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Georgia


Aug 23, 2010, 7:49 AM

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Calcinado

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I know this word means that whoever is "calcinado" is dead as a doornail. But my Castillian Spanish background sometimes just doesn't carry over well into Mexican Spanish which is its own thing. What is a good and accurate translation from MExican Spanish into English of the word "calcinado?"

After I learned the meaning of "luego, luego" I realized I had a whole lot of new language learning to do in spite of the fact that I've spoken Spanish all my life!



cbviajero

Aug 23, 2010, 8:23 AM

Post #2 of 16 (21170 views)

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Re: [Georgia] Calcinado

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i believe it means burned to a crisp.


Georgia


Aug 23, 2010, 8:25 AM

Post #3 of 16 (21165 views)

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Re: [cbviajero] Calcinado

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Sounds right. Thanks.


Reefhound


Aug 23, 2010, 11:28 AM

Post #4 of 16 (21151 views)

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Re: [cbviajero] Calcinado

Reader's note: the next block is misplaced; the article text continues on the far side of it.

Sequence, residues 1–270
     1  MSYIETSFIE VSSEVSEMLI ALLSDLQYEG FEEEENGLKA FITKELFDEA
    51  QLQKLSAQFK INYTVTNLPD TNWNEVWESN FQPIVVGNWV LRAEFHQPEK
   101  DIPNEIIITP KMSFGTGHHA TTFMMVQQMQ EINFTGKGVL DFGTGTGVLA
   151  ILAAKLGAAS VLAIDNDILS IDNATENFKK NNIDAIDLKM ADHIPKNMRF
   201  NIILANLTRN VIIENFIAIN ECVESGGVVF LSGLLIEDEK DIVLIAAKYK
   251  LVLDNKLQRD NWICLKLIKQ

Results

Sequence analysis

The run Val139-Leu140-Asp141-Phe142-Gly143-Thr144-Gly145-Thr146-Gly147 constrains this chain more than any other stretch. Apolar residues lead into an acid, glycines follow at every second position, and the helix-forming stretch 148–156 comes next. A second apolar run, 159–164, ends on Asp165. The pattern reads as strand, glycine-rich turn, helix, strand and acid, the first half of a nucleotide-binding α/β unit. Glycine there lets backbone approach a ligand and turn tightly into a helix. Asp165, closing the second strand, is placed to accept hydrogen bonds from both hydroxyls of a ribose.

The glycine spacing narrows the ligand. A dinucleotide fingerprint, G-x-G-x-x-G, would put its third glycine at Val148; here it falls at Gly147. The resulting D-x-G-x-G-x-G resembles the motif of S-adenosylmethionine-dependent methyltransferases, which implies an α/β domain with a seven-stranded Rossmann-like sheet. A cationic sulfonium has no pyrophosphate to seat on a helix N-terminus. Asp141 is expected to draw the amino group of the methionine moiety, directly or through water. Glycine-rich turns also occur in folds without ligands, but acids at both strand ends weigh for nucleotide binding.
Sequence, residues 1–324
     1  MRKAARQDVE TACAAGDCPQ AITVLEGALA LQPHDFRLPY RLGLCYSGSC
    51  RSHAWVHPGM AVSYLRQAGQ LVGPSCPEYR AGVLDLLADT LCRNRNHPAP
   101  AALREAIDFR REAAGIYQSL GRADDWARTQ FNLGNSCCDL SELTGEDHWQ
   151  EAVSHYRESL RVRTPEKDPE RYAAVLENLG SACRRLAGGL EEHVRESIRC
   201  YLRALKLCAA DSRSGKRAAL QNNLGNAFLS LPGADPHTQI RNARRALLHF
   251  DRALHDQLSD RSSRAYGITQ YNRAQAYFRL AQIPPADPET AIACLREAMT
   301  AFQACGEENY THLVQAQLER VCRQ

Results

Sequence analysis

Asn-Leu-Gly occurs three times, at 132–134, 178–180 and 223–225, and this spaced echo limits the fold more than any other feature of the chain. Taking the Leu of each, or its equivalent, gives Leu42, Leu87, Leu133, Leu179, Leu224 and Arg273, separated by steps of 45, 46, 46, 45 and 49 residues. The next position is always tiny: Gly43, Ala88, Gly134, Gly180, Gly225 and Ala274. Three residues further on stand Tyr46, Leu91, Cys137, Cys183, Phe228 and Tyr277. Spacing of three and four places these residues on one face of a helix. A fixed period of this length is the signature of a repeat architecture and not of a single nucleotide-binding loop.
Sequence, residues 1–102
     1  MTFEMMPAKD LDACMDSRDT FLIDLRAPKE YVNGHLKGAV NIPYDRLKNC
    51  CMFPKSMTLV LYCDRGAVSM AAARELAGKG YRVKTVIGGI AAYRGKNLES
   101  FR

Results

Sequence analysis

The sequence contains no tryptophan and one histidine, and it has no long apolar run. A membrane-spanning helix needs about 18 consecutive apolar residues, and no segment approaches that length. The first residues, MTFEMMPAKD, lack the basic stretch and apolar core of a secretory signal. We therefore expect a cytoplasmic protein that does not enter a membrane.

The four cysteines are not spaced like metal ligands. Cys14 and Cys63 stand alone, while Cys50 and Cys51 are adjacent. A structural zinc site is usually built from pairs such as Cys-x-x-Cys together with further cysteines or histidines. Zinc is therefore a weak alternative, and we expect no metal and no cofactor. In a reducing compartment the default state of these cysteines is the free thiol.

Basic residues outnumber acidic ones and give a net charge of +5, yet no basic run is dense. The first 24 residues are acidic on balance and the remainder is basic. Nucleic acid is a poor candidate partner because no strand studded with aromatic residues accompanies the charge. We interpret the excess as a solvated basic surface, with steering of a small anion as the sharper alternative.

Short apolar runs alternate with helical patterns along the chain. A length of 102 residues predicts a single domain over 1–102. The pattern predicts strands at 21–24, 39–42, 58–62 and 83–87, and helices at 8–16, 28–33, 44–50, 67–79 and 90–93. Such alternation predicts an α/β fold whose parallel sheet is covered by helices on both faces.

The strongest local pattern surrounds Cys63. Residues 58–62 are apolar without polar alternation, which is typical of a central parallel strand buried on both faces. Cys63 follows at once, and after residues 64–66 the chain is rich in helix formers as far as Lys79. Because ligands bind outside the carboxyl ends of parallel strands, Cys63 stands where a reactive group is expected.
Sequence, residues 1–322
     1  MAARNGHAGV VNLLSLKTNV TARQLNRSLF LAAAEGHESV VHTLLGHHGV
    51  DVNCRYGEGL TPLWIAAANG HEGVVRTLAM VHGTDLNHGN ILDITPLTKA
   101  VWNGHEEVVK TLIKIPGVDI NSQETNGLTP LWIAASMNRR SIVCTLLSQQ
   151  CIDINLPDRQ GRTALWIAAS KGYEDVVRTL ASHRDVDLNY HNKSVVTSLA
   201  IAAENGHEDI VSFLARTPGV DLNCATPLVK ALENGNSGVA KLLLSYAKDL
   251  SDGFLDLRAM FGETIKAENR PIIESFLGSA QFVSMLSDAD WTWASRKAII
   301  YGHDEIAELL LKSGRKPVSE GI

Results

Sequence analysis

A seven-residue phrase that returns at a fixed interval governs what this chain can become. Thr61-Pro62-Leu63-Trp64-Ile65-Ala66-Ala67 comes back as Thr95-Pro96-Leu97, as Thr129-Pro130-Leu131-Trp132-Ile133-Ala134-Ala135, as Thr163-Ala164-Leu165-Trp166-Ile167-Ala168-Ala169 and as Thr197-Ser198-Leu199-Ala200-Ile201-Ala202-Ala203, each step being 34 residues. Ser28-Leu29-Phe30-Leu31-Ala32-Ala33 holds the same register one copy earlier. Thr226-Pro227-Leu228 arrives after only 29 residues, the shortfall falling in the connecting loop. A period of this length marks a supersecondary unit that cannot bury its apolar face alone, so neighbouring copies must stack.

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Is it generally refer to someone actually dead or someone marked for death? Or both?


chris cooper

Aug 23, 2010, 3:47 PM

Post #5 of 16 (21141 views)

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Re: [Georgia] Calcinado

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charred


jerezano

Sep 9, 2010, 11:53 AM

Post #6 of 16 (21008 views)

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Re: [chris cooper] Calcinado

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Hola a todos:

calcinado--What are the English words? Incinerated? Cremated? Turned to ashes as I want to be cremated rather than buried.

So to me it has the meaning cremated but not in a recognized crematorium. As burned to ashes in a car crash. As burned to ashes by a narco. As burned to ashes by an explosion.

Somebody has suggested charred. To me charred is too mild a term. Somebody else has suggested burned to a crisp. That to me is also too mild a term.

I just consulted the Royal Academia Espanola dictionary which defines calcinar (the verb from which calcinado is derived) as follows:


1. Reducir a cal viva los minerales calcáreos, privándolos del ácido carbónico por el fuego.
]2. Abrasar por completo, especialmente por el fuego. U. t. c. prnl.